parthenogenesis

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parthenogenesis

 [pahr″thĕ-no-jen´ĕ-sis]
a modified form of sexual reproduction in which a gamete develops into a new individual without the fertilization of an oocyte by a spermatozoon, as in certain arthropods and other animals; it may occur as a natural phenomenon or be induced by chemical or mechanical stimulation (artificial parthenogenesis). adj., adj parthenogenet´ic.

par·the·no·gen·e·sis

(par'the-nō-jen'ĕ-sis),
A form of nonsexual reproduction, or agamogenesis, in which the female reproduces its kind without fecundation by the male.
[G. parthenos, virgin, + genesis, product]

parthenogenesis

(pär′thə-nō-jĕn′ĭ-sĭs)
n.
1. A form of reproduction in which an unfertilized egg develops into a new individual, occurring commonly among insects and certain other arthropods.
2. The artificial activation of an unfertilized usually mammalian egg, resulting in an embryolike cell cluster from which stem cells can be harvested.

par′the·no·ge·net′ic (-jə-nĕt′ĭk), par′the·no·gen′ic (-jĕn′ĭk) adj.
par′the·no·ge·net′i·cal·ly adv.

parthenogenesis

[pär′thənōjen′əsis]
Etymology: Gk, parthenos, virgin, genesis, origin
a type of nonsexual reproduction in which an organism develops from an unfertilized ovum, as in many simpler animals. The development of the unfertilized ovum may be artificially induced through mechanical or chemical stimulation. Also called unicellular reproduction. parthenogenetic, parthenogenic, adj.

par·the·no·gen·e·sis

(pahr'thĕ-nō-jen'ĕ-sis)
A form of nonsexual reproduction, or agamogenesis, in which the female reproduces its kind without fecundation by the male.
[G. parthenos, virgin, + genesis, product]

parthenogenesis

The development of an unfertilized egg into an adult organism. Virgin birth. This occurs naturally in bees and ants and in some animal species development of an ovum can be induced chemically or by pricking with a fine glass fibre. The result is a clone of the mother cell identical in all respects. Only females can be produced by parthenogenesis, as no Y chromosome is present. If achieved, human parthenogenesis would make men biologically redundant. Very early human embryos derived only from ova have been produced experimentally by a parthenogenetic technique using chemicals that changed the concentration of ions in the ova.

parthenogenesis

the development of an individual from an egg without fertilization by a sperm. The process occurs mainly in lower invertebrates, particularly insects. The egg cell can be HAPLOID (1) to produce, for example, male honeybees (drones) or DIPLOID (1) as produced in wingless female aphids which, during the summer months, produce diploid eggs by MITOSIS that develop into female adults, only forming haploid gametes by MEIOSIS in the autumn prior to normal sexual reproduction.

parthenogenesis

asexual reproduction in which an egg develops without being fertilized by a spermatozoon, as in certain lower animals, especially arthropods; it may occur as a natural phenomenon or be induced by chemical or mechanical stimulation (artificial parthenogenesis).
References in periodicals archive ?
Thus, not only would the single-celled conceptus be a person, but so too the unfertilized egg which may be stimulated to develop parthenogenetically, and virtually any one of our body cells in the hands of an adept cloning biotechnician.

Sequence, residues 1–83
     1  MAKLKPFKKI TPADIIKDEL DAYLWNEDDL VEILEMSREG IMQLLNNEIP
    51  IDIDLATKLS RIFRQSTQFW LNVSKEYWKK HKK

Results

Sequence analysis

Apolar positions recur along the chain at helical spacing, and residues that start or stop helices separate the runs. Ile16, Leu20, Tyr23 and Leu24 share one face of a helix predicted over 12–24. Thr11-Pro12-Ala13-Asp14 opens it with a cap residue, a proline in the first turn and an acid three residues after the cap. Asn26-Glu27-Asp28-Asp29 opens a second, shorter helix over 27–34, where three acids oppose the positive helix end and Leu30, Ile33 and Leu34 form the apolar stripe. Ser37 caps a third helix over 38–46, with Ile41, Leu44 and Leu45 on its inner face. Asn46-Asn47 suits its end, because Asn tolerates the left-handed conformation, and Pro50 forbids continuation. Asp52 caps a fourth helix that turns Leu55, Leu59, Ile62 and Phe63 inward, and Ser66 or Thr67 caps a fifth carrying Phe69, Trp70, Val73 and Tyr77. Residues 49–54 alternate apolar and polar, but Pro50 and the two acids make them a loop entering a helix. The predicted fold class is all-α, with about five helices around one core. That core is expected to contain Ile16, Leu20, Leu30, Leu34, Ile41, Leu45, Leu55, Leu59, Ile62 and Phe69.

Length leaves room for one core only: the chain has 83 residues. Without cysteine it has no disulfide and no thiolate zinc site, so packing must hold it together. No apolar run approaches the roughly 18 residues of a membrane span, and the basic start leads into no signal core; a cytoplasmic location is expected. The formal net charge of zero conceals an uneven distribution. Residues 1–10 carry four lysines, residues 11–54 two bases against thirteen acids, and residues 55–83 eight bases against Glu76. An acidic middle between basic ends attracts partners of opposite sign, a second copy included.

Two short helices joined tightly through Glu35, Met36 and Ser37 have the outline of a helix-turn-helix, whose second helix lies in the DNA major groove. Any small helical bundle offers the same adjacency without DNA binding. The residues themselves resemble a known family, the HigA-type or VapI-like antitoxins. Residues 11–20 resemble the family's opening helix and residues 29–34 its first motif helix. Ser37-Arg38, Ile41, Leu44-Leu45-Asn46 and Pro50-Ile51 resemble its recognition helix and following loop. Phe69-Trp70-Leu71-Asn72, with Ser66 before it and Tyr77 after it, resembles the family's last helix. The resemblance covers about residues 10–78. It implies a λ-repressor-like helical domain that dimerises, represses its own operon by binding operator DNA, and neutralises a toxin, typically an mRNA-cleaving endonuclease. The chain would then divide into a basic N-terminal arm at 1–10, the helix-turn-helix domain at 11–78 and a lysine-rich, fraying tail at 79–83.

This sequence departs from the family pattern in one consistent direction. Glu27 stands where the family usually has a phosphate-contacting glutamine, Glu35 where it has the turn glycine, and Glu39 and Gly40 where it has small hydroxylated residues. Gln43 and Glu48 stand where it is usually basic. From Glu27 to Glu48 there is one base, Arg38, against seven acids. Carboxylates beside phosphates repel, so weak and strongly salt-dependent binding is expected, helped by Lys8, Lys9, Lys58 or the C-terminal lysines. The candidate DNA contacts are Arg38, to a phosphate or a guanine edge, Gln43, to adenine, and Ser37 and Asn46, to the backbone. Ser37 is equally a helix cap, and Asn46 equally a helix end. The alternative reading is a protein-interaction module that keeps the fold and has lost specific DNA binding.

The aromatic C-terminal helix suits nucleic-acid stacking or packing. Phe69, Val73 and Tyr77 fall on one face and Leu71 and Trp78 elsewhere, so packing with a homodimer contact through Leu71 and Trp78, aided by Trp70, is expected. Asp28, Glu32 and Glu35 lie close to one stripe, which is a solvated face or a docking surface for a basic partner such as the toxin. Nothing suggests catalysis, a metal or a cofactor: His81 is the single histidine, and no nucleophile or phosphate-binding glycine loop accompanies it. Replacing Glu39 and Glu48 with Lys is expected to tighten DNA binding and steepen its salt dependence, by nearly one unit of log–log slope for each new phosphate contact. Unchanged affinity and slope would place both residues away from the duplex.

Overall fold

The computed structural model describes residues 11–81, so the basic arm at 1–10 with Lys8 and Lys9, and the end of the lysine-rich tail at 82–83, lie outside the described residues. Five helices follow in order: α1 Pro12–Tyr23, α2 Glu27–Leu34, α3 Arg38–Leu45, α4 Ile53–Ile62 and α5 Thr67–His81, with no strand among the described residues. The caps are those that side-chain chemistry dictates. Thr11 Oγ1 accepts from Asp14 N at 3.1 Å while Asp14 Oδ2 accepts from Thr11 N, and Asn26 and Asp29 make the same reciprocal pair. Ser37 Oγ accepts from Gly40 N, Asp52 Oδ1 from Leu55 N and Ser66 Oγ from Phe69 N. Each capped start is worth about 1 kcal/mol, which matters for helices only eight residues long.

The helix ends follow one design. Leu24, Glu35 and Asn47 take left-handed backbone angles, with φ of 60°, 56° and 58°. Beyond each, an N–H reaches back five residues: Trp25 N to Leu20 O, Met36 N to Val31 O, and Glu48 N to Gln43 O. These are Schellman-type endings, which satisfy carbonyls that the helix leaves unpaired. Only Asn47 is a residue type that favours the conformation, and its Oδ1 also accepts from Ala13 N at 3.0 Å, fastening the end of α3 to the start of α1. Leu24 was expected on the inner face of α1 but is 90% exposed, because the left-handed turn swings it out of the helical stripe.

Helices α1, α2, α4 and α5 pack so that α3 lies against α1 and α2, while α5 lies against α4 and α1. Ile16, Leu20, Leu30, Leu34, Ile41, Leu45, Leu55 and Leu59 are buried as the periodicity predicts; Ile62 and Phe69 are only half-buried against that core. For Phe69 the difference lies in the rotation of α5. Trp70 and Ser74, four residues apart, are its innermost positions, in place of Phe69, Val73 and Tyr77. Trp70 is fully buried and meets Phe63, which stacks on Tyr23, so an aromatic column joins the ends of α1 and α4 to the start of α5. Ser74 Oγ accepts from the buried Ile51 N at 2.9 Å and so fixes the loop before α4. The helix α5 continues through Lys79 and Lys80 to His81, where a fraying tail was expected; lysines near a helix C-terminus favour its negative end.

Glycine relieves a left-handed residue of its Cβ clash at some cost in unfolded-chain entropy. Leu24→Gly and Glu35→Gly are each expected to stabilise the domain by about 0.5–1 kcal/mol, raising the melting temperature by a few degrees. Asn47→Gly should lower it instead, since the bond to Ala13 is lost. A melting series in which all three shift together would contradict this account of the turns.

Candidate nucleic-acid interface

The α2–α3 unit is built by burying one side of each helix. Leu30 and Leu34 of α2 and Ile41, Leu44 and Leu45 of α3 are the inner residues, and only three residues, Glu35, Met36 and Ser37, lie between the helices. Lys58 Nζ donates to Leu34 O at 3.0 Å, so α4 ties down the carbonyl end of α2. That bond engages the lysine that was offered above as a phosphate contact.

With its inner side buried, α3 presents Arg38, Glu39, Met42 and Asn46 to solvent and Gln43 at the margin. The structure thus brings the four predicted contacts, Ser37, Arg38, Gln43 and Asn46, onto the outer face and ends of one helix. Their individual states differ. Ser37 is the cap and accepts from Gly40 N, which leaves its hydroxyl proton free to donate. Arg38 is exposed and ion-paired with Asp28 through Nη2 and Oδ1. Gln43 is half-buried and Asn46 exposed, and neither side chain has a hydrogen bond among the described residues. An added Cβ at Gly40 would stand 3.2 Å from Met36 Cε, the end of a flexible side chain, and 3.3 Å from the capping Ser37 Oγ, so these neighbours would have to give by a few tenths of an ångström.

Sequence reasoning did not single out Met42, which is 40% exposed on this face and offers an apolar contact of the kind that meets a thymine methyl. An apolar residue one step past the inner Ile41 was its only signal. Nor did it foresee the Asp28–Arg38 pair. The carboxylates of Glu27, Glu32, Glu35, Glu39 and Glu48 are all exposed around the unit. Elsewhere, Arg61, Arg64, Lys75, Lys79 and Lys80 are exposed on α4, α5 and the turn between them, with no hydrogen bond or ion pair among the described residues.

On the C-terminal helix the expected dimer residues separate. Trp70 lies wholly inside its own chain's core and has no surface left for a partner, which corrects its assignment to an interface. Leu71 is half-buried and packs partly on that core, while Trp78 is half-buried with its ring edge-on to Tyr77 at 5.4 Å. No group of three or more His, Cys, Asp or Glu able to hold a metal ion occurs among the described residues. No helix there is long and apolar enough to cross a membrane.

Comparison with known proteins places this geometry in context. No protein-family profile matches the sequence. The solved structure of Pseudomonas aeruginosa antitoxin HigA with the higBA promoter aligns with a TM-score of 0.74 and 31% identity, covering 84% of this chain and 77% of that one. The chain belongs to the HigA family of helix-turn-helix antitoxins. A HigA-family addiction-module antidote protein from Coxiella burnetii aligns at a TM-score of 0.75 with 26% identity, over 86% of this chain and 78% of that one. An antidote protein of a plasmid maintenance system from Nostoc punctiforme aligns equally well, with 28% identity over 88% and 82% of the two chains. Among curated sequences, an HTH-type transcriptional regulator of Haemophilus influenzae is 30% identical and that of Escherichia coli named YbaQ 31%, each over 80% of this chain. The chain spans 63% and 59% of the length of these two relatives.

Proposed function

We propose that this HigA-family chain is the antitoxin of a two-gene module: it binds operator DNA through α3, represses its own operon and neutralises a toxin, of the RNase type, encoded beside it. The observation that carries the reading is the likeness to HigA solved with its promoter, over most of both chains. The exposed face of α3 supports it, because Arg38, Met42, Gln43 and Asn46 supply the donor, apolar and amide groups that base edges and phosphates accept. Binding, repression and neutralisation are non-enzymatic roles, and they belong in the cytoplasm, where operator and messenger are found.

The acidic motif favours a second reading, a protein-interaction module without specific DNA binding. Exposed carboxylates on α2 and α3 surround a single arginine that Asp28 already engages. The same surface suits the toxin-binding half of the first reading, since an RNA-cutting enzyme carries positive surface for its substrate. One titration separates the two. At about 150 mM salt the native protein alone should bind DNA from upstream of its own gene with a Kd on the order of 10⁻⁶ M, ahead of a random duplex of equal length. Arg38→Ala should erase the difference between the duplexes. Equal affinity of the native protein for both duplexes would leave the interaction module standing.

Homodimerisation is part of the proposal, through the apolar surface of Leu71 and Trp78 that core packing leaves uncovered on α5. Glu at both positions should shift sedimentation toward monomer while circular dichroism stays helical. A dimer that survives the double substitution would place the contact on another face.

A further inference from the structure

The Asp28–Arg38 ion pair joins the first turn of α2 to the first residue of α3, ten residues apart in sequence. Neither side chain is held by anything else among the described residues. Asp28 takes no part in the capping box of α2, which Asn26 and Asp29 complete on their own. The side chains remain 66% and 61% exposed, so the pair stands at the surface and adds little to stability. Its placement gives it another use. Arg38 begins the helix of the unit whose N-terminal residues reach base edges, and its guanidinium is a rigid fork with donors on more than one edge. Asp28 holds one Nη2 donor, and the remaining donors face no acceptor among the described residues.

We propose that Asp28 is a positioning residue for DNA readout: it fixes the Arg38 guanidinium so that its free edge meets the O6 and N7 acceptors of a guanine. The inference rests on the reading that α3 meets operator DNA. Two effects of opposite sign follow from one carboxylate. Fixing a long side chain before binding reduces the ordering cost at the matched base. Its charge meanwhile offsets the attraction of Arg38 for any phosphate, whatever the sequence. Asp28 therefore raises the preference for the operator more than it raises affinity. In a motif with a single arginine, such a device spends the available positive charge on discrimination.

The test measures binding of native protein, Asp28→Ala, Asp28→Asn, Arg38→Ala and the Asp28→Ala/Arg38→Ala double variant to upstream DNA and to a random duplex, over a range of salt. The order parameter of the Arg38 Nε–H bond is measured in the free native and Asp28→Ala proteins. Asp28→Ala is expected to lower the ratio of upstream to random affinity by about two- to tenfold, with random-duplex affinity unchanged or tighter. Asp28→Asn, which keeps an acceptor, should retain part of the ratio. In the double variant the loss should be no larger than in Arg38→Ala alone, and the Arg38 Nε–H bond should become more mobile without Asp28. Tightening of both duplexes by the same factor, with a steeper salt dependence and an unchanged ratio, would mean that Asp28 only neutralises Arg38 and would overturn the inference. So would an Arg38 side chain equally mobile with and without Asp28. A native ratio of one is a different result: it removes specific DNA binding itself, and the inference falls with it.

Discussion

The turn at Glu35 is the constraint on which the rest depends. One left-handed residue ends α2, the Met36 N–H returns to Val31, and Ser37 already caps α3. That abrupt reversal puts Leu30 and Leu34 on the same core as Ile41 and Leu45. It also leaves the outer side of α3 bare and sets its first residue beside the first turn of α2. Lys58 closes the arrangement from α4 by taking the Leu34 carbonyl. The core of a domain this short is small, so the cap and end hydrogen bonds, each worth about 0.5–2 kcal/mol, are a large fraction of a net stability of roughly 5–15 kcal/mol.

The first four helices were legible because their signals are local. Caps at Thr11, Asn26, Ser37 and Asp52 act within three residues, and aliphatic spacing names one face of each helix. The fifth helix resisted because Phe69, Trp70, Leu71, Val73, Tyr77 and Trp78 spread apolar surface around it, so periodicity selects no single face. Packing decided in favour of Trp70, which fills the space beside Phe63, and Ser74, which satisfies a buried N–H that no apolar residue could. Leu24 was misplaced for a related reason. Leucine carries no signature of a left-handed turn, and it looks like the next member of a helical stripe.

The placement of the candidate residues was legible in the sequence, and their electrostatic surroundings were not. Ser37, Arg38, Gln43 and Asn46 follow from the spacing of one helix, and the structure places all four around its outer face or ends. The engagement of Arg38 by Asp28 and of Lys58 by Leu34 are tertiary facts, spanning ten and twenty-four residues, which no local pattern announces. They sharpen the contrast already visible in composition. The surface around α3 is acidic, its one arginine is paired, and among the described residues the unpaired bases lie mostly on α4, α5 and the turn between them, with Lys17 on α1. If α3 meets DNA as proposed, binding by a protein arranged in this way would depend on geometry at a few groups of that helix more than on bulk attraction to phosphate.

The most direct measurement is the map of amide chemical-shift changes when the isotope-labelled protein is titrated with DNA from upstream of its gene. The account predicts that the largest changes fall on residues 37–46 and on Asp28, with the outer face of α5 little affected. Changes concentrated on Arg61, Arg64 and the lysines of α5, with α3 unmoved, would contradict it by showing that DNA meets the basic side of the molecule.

Larbalestier focuses on battle-of-the-sexes stories, which ran chiefly in SF magazines beginning in the 1930s and feature pretty much all the variations you would expect--worlds where men are subservient, or women procreate parthenogenetically, or indeterminate creatures morph seasonally into one or the other sex.
One would think that Shakespeare would claim sole progenitorship, as Lope parthenogenetically does in the first sonnet of his Rimas humanas:
If sperm RNA does play a role in human development, it may explain why women can't give birth parthenogenetically the way frogs and some other nonmammalian animals can, suggests Miller.
In a similar experiment, we succeeded in prompting human eggs--on their own, with no sperm to fertilize them--to develop parthenogenetically into blastocysts.
Some time ago, entomologists studying wasps and wood lice (which most of us call sow bugs) noticed that some species of these insects reproduce parthenogenetically, that is, without males (in fact without mating) and produce only (or mostly) female offspring.
In a study entitled ''Parthenogenetic Stem Cells in Nonhuman Primates,'' the ACT group says it is the first to demonstrate that stem cells from a parthenogenetically derived primate embryo are also pluripotent.
54] In the current moment, we are witnessing a Gilman publishing boom--unprecedented since Gilman's rediscovery in the 1970s--in which the parthenogenetically "pure" genealogy of feminism sketched by Gilman's first critics continues to be reproduced rather than contested.
Daphnids began releasing broods of parthenogenetically reproduced offspring on approximately day 7.
The freshwater onychopod cladoceran genus Bythotrephes longimanus (Cladocera, Cercopagidae) is native to lakes throughout the Palearetic (Berg and Garton 1994) and reproduces parthenogenetically during the summer and gametogenically during autumn (Mordukhai-Boltovskaya 1957, Ketelaars et al.
In temperate latitudes and during the reproductive period, Daphnia reproduces parthenogenetically, that is, without fertilization by a male gamete, several times.
She comes from an all-female, but parthenogenetically reproductive community who dwell in the sea.